As teams look to gear up for the offseason, you'll see a flurry of additions to 40-man rosters, releases, and DFAs. The Braves are no different.
Today, they added right-handed reliever Wirfin Obispo and left-handed reliever Ryan Buchter to the 40-man roster, which officially gives the Braves 40 players on the 40-man roster. It won't stay that way for long as Luis Ayala, Scott Downs, Freddy Garcia, Tim Hudson, Kameron Loe, Paul Maholm, Eric O'Flaherty, Jonny Venters, Brian McCann, and Reed Johnson are basically guaranteed free-agents at this point - all of whom "could" come back, but it remains to be seen which and how many.
Why add them now? Simple. Both could become minor-league free agents in a few days, and by putting them on the 40-man, both Obispo and Buchter are now tied to the Braves. They, of course, get a pay raise and three option years in return. But waiting would have allowed them to be signed by other teams, and the Braves felt they did not want to lose them and could afford the roster spots, which they can.
Wirfin Obispo has at least a 70-grade name and fastball. His delivery might get a 70 as well for quirkiness, but it works - 3.53 ERA, 26% K rate, 13% BB rate. I'm not sure he'll be on the Opening Day roster, but it's hard to let guys who throw in the upper-90s just leave your system. He'll be 29 all next season, but age doesn't matter as much with relievers.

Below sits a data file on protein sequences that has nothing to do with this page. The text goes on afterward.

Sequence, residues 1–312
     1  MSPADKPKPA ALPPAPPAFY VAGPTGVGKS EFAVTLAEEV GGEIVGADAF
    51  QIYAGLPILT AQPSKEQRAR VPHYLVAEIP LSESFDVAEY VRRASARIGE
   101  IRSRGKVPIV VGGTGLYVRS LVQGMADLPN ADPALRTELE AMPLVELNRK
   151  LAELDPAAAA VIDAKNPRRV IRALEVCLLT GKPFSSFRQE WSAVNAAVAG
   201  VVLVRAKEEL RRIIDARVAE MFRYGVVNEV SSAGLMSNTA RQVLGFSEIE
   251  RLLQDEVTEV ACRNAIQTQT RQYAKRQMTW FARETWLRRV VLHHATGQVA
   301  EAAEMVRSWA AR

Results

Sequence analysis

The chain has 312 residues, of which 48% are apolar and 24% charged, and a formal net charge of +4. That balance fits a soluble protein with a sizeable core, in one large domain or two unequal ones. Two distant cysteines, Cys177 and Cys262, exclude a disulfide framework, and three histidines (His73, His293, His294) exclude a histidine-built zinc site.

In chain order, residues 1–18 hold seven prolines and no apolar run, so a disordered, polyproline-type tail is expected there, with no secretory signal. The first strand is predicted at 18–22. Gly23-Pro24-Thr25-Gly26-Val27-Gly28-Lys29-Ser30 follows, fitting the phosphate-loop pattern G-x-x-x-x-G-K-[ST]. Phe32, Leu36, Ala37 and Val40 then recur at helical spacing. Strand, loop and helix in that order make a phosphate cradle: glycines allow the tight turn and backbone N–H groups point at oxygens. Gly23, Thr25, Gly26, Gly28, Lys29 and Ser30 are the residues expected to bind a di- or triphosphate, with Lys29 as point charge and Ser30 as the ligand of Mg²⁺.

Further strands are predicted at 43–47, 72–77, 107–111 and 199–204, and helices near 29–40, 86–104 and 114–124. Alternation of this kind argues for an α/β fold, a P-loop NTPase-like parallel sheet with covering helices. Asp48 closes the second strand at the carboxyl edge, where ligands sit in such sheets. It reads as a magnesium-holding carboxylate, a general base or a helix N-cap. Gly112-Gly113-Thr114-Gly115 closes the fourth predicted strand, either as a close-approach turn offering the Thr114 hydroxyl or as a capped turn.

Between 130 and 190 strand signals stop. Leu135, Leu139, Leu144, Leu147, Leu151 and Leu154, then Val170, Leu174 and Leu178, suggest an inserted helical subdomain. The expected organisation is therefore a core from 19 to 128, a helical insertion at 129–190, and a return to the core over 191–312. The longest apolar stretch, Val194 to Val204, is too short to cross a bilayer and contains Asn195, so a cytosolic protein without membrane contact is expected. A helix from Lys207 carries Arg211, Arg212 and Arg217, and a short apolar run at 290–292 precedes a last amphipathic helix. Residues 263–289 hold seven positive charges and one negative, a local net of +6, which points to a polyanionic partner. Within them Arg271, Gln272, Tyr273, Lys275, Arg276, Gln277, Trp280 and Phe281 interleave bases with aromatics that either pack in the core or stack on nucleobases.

Ryan Buchter is a bit younger - 27 next season - and, most importantly, left-handed. With Downs, Venters, and O'Flaherty either gone or suspect for next season, Luis Avilan is the only lefty in the 'pen. That leaves a potential spot for Buchter. Buchter, however, will need to improve that 19% BB rate, but that 38% K rate is outstanding. Neither of these guys are "exciting," but they're both potentially useful pieces who could round out the bullpen. Buchter is the more likely to stick on Opening Day, but I kind of doubt it.
These won't be the last additions of minor-leaguers to the 40-man this offseason, but the rest will be to prevent them from reaching the Rule 5 draft. As a quick and dirty course on the two, you get six years of minor-league service time before you become a minor-league free agent. To be eligible for the Rule 5 draft, high school-drafted - or younger in the case of Latin American players - players are eligible if this is the 5th Rule 5 draft since they've become a professional, and for everyone else, they are eligible if this is the 4th since they were drafted or signed. Putting players on the 40-man roster prevents them from being eligible for either free agency or the Rule 5 draft.